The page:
conform to God's word and the Synod of Dortrecht ;*' 
but it does not appear that in laying out the town of 
New Castle, after his arrival, he made any provision 
for a church or place of worship ; nor was there any 
minister among the Dutch at this time. Subsequent- 
ly, in April, 1657, the West India Company promised 
to send a minister to the colony. They referred to 
Rev. Mr. Wei ins, who came, and was at New Amstel 
and Altena until his death, December 9, 1659.^ 

which was but little understood by them, and not acceptable. He was 
at New Castle and Wicaco from 1670 to about 1693 
1 H*.iv. J. B. Spotswood, in his history of the Presbyterian Church in 

After Mr. Welins' death, Vice-Director Beekman, 
of Altena, referred in a letter to one Jan Jorien 
Becker," "who does not perform any other service 
here than to read aloud on Sundays, which I can 
have done by the sergeant or any other." 

From the time of Rev. Welins' death until Jun** 6, 
1663, there was no regular minister among the Dutch 
colonists' and this was the cause of a number of 
appeals from Vice-Director Beekman to his superior. 
On one occasion he wrote that there were several 
children in the colony to baptize, and, at another 
time, that the Lord's Supper had not been adminis- 
istered for two and a half years. During the interval 
Rev. ^gidius Luyck did visit the colony and preach, 
but did not perform any other ministerial ftinctions. 
On June 6,1663, Mr. Beekman writes : "Until to-day no 
chance has offered itself to speak with the Swedish or 
Lutheran Dominie." He referred to the Rev. Zet»c*o- 
ren, mentioned among the early Swedish preachers. 

No further information concerning church affairs 
is obtained until 1670, except that among the priri- 
leges granted by the English to the Dutch upon their 
occupation in 1664, it was provided "That all people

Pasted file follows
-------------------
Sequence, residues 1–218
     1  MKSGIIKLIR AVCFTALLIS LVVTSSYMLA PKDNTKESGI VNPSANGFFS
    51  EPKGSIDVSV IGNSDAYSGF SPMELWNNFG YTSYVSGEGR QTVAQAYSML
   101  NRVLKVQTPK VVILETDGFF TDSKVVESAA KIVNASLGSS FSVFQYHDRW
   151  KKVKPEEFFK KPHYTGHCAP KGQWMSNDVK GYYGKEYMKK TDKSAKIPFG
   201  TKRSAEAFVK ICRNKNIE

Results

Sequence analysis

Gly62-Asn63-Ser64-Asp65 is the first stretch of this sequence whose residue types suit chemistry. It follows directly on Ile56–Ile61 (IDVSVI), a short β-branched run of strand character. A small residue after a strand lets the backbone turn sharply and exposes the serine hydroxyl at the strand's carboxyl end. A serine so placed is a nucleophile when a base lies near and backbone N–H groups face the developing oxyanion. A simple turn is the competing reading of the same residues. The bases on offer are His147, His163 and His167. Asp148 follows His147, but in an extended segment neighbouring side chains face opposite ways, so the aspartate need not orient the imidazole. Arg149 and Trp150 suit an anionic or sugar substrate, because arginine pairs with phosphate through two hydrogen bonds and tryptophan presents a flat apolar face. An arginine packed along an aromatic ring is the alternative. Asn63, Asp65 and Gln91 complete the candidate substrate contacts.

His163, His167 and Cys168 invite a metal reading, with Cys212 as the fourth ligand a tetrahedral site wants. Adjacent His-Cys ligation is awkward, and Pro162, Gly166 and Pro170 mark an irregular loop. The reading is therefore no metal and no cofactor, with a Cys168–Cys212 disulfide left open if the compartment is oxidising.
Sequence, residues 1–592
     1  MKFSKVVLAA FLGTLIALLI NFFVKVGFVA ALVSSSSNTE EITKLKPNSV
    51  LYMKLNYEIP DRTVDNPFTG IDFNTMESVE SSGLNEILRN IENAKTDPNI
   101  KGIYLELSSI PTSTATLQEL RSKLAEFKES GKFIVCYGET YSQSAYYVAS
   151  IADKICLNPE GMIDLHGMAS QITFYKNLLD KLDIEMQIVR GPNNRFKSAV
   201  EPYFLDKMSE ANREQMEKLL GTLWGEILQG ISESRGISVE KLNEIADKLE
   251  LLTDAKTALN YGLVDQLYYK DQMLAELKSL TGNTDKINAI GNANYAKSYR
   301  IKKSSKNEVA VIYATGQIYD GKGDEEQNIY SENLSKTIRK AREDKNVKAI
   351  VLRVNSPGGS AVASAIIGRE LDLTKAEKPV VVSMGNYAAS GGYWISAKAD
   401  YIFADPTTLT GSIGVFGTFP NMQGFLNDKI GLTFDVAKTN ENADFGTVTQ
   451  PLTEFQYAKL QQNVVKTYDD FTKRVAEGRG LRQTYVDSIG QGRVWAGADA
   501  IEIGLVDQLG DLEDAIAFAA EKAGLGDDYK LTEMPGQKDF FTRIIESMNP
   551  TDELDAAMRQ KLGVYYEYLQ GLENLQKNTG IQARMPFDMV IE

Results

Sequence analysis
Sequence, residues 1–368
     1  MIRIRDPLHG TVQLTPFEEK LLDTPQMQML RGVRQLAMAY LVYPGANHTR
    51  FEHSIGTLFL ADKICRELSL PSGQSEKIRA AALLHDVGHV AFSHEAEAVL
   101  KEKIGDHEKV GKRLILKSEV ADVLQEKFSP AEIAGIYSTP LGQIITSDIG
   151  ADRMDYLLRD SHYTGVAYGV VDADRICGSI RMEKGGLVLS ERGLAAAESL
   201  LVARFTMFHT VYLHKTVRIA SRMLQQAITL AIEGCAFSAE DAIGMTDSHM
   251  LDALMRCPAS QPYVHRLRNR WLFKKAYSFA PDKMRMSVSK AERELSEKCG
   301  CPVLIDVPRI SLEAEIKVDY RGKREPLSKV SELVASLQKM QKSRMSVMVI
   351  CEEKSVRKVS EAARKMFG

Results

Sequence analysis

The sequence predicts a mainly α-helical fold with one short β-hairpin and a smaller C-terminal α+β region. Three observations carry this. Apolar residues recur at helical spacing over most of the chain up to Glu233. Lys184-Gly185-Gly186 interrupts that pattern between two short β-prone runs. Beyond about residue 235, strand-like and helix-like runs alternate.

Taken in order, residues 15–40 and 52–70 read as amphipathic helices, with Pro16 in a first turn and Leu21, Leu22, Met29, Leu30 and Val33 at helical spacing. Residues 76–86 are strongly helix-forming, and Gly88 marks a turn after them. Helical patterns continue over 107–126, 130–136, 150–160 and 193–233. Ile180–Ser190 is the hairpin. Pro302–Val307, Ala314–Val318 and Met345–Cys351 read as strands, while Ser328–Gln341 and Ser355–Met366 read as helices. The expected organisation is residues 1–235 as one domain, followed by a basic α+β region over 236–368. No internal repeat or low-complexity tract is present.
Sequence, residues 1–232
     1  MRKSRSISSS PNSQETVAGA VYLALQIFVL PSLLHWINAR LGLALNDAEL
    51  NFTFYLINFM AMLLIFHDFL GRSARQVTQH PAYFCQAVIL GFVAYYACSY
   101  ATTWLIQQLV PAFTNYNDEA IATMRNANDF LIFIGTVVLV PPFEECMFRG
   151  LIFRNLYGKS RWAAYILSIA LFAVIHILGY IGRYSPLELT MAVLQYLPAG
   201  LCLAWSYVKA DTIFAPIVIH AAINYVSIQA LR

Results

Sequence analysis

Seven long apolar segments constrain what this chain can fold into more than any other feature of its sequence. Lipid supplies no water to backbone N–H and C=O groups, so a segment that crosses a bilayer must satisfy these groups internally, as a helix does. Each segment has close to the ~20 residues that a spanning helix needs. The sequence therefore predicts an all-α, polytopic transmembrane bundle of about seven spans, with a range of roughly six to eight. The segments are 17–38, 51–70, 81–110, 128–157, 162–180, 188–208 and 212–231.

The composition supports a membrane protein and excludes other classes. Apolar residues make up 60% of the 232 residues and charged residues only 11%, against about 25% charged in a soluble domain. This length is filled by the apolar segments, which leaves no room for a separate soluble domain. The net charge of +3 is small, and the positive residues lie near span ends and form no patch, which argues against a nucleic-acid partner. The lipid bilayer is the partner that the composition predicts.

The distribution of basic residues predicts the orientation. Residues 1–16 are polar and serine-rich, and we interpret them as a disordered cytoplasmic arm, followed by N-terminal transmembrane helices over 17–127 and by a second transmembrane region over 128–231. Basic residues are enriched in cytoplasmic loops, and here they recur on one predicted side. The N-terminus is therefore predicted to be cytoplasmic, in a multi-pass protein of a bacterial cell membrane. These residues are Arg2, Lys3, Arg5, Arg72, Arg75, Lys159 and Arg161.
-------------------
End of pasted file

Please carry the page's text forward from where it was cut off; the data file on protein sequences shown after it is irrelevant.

shall enjoy the liberty of their consciences in church 
discipline as formerly." 

On the 13th April, 1670, Governor Lovelace, writ- 
ing from Fort James, in New York, to Captain John 
Carr, commandant at New Castle, says: "Upon ye 
request of Magister Jacobus Fabricius, pastor of ye 
Lutheran confession, commonly called ye Augustan, 
who, by the Duke's Lycense hath a Congr^ation 
here, I have granted my Passe to him and his wife to 
goe to New Castle or any place in Delaware River." 

In 1674 Rev. Fabricius was tried for having vio- 
lated the law by marrying Ralph Doxey and Mary 
Von Harris, " without having any lawful authority 
thereto, and without publication of bans." There 
were present at the meeting^of the court, the Governor- 
General, Anthony Colve, the honorable councillor 
Cornells Steenwyck, Mr. Comelis von Ruyven and 
Secretary Bayard, as associated councillors. 

*' The Honorable Fiscal PlainUflT ^ 

against V 

Jacob Fabricius, Late Lutheran Preacher, Defendant.**) 

AAer the recitation of the facts heretofore stated 
the plaintiff 

"therefore demands sx qfflcio that Deft, shall be brought to the place 
where Justice is usually executed, lie whipped there severely and tben 
be forever banished tvom this government. Deft, confesses to hwve 
erred through Ignorance, asks forgiveness and promises to behave prop- 
erly in future." 

New Castle, says : " In the year of 1657 or 1658 a Dutch Church was or-